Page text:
I was analyzing a GARCH(1,1) process. In particular, let's say that I have a process ${y_t}$, with $t \in {1,2,...,T}$. I have created a GARCH process that can be written as:

$\sigma_t^2 = \omega + \alpha y_{t-1}^2 + \beta \sigma_{t-1}^2$,

with $t \in{1,2,...,T}$. After that, I maximize the Log Likelihood of the model, obtaining the three parameters, namely $\hat{\alpha}, \hat{\beta}, \hat{\omega}$.

Now I would like to use these estimated parameters for forecasting volatility. In particular, I can get

$\sigma_{T+1}^2 = \hat{\omega} + \hat{\alpha} y_{T}^2 + \hat{\beta} \sigma_{T}^2$

that is, I can get the estimated volatility at $(T+1)$. It is not clear in my mind how can I get, for example, $\sigma_{T+2}^2$. According to the formulation above, I shall use $y_{T+1}^2$, but my series stops at $T$. How can I get the forecasted value $y_{T+1}$?

I have found in literature that for a GARCH(1,1) and $k>2$

$\mathbb{E}_t[\sigma_{t+k}^2] = \sum_{i=0}^{k-2} (\hat{\alpha}+\hat{\beta})^i\hat{\omega} + (\hat{\alpha}+\hat{\beta})^{k-1}\sigma_{T+1}^2$

Thus I can use the forecasted value for $\sigma_{t+k}^2$ and, inverting the formulation of GARCH(1,1), get the forecasted value of $y_{T+1}$.

  • $\begingroup$ I understand that you want a point, interval or density forecast of $y_{T+1}$. You already have the forecasted variance. If you add a distributional assumption for standardized innovations and a model for the conditional mean, you will be able to obtain a density forecast for $y_{T+1}$ from which you can derive any interval or point forecast you like. $\endgroup$ Sep 6, 2019 at 11:40

1 Answer 1


Assuming you have a model of the type $y_t = \sigma_t\varepsilon_t$, with $\sigma_t^2 = \omega + \alpha y_{t-1}^2 + \beta\sigma_{t-1}^2$, that would make your $y_t$ have the martingale-difference property with respect to its history before time $T$. In other words, optimal predictions of $y_{T+h}$, for $h\geq1$, are zero. This is because $$\mathbb{E}[y_t\mid\mathcal{F}_{T-1}] = \mathbb{E}[\sigma_t\varepsilon_t\mid\mathcal{F}_{T-1}] = \sigma_t\mathbb{E}[\varepsilon_t\mid\mathcal{F}_{T-1}] = \sigma_t\mathbb{E}[\varepsilon_t] = 0$$

Now, based on your history $t\in\{1, 2,\ldots,T\}$, an approximate forecast of $y_{T+1}$ also functions as an estimate of the squared volatility at time $T+1$, given by $$ \hat{\sigma}_{T+1}^2 = \hat{\mathbb{E}}[y_{T+1}^2\mid\mathcal{F}_{T}] = \omega + \alpha y_{T}^2 + \beta\hat{\sigma}_{T}^2 $$ If you look at this as a recursive scheme for one-step ahead volatility forecasting, then you can also look at $h>1$ steps ahead with the information available at $T$. Both $y_{T+h}$ and $\sigma_{T+h}$ are random variables, and their predictions coincide: $$ \mathbb{E}[y_{T+h}^2\mid\mathcal{F}_T] = \mathbb{E}[\sigma_{T+h}^2\mid\mathcal{F}_T] = \omega + \alpha\mathbb{E}[y_{T+h-1}^2\mid\mathcal{F}_T] + \beta\mathbb{E}[\sigma_{T+h-1}^2\mid\mathcal{F}_T]$$ $$= \omega + (\alpha+\beta)\mathbb{E}[y_{T+h-1}^2\mid\mathcal{F}_T]$$ Working backwards, this leads to a general formula which only needs $y_T^2$ and $\sigma_T^2$: $$ \mathbb{E}[y_{T+h}^2\mid\mathcal{F}_T] = \omega\sum_{k=0}^{h-1}(\alpha+\beta)^k + (\alpha+\beta)^{k-1}(\alpha y_{T}^2 +\beta\sigma_T^2) $$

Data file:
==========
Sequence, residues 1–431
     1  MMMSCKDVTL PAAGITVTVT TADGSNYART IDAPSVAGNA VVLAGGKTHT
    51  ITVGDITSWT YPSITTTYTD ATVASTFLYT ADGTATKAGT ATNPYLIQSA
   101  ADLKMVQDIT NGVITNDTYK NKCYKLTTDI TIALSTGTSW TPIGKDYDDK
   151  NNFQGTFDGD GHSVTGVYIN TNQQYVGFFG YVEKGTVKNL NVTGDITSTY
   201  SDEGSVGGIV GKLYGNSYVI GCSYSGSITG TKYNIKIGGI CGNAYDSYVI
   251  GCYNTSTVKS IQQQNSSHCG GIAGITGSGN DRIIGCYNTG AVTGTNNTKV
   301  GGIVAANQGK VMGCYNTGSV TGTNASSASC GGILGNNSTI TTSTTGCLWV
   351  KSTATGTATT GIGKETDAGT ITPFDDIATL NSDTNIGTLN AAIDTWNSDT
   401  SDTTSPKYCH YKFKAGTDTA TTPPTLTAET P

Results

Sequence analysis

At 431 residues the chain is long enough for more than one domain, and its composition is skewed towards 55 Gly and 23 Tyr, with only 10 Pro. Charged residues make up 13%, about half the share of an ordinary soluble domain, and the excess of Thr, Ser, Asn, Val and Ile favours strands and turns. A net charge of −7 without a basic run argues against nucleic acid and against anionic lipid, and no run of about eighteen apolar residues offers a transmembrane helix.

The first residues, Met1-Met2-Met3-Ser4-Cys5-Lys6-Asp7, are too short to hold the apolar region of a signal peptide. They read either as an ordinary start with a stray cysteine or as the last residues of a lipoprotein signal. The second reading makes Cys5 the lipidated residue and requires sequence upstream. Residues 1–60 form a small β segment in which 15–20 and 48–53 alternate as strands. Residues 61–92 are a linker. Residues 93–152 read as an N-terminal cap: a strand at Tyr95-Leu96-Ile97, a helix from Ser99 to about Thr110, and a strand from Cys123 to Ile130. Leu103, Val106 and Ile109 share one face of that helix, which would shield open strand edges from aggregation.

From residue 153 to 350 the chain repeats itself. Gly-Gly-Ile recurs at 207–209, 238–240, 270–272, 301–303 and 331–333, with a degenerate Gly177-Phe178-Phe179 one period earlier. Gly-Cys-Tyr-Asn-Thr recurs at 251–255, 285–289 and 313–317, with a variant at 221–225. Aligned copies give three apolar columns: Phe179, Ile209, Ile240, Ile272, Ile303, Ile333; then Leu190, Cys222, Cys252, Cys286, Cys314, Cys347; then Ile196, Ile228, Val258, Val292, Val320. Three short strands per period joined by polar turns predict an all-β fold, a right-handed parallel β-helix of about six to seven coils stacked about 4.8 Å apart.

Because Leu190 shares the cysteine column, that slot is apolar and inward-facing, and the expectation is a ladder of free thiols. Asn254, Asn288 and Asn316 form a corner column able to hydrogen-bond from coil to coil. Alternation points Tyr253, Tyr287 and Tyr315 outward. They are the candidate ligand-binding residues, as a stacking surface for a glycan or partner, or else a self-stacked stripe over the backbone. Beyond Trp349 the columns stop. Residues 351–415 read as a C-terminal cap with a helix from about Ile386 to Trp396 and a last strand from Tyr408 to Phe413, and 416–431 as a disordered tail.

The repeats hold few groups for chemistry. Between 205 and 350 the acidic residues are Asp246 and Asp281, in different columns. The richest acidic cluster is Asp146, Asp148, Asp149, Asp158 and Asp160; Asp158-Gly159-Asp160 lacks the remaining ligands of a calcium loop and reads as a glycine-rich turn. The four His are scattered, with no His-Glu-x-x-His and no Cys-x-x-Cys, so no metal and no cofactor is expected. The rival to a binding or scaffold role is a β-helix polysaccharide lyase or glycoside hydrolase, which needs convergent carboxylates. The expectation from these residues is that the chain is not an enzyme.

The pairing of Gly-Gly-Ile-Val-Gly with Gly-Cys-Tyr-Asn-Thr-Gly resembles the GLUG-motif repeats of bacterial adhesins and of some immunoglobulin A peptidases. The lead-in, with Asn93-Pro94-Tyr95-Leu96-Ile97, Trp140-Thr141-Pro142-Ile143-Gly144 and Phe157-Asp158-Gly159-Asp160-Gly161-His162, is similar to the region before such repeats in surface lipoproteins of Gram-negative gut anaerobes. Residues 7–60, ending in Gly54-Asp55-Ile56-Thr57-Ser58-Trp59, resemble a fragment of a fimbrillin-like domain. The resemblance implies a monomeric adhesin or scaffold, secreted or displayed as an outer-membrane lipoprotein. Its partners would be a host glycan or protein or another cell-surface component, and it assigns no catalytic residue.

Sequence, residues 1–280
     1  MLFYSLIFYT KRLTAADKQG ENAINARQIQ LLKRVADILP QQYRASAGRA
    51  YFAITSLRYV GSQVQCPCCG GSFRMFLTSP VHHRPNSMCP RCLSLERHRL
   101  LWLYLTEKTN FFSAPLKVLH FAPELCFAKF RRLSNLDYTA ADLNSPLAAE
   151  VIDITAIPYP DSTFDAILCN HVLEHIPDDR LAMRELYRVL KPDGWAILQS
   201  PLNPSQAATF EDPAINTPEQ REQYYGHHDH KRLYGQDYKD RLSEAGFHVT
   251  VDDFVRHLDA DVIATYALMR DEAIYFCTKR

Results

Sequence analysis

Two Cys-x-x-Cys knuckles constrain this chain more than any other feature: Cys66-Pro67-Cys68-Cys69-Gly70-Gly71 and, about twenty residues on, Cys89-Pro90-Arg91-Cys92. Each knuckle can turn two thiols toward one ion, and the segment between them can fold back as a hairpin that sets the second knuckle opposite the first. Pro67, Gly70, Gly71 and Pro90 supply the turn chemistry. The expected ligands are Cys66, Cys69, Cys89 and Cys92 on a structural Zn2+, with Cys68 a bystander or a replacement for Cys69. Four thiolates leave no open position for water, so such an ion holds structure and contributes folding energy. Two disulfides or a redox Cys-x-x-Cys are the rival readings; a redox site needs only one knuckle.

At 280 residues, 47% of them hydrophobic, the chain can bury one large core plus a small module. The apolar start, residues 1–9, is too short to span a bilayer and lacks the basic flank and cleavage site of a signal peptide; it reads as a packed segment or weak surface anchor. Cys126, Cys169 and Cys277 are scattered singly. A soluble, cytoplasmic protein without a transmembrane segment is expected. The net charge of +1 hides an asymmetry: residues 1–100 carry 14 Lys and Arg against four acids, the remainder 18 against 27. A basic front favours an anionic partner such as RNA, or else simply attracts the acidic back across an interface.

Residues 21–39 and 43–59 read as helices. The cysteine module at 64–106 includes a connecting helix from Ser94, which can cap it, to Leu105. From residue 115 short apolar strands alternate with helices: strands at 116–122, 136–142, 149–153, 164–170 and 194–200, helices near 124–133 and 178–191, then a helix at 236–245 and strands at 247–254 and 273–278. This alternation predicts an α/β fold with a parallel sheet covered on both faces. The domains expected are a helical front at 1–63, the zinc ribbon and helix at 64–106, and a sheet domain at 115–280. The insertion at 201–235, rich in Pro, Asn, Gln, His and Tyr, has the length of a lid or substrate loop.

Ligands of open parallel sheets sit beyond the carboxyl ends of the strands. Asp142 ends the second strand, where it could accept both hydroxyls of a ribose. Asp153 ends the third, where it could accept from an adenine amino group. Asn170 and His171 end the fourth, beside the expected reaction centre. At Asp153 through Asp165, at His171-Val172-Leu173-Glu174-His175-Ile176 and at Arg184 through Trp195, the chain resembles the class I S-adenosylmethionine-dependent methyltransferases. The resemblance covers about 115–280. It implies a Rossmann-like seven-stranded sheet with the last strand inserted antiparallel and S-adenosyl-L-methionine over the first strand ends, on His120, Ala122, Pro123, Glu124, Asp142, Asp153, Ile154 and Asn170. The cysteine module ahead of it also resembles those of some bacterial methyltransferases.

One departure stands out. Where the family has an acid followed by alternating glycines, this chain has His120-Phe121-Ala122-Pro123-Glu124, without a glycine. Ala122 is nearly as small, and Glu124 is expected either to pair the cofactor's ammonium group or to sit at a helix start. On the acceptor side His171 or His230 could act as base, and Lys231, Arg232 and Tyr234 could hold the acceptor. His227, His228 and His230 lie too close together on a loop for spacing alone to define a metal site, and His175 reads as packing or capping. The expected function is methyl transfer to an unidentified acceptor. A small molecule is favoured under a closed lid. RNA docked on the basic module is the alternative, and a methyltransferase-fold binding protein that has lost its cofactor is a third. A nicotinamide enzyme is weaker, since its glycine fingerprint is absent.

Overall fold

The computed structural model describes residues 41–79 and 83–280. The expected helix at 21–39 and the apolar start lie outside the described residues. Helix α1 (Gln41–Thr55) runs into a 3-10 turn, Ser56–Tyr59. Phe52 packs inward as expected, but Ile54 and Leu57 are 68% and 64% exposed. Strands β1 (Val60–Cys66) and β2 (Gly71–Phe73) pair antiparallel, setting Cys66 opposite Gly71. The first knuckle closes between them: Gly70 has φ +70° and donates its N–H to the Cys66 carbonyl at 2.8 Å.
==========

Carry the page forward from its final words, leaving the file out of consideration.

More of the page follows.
In my answer I have quoted heavily -- almost verbatim, in fact -- from the book Quantitative Risk Management, by McNeil, Frey, and Embrechts. Chapter 4.4.1 in particular offers a lot of good explanations that might help you better understand some of the mechanics.

  • $\begingroup$ Dear Emil, thanks for your precise answer! After my analysis, I arrive at the conclusion that I don't need the estimation of $y_{T+h}^2$, but only the ones of $\sigma$. In particular,I really appreciate your answer and help. $\endgroup$ Sep 6, 2019 at 10:58
  • $\begingroup$ Both $y_{T+h}$ and $\sigma_{T+h}$ are random variables. Hmm, in classical statistics parameters (such as $\sigma_{T+h}$) are not random variables. Moreover, predictions of $y_{T+h}$ and $\sigma_{T+h}$ do not coincide, though those of $y_{T+h}^2$ and $\sigma_{T+h}$ may. The same applies also to an approximate forecast of $y_{T+1}$ also functions as an estimate of the squared volatility at time $T+1$. $\endgroup$ Sep 6, 2019 at 11:39
  • $\begingroup$ On the other hand, I see why $\sigma_{T+h}$ can be considered a random variable given only the information set $\mathcal{F}_{T+h-2}$ or its subset. $\endgroup$ Sep 6, 2019 at 12:38
  • $\begingroup$ Please, have a look at my new post regarding the way in which I can get the Garch model volatilities assuming t-student distribution! $\endgroup$ Sep 11, 2019 at 19:31

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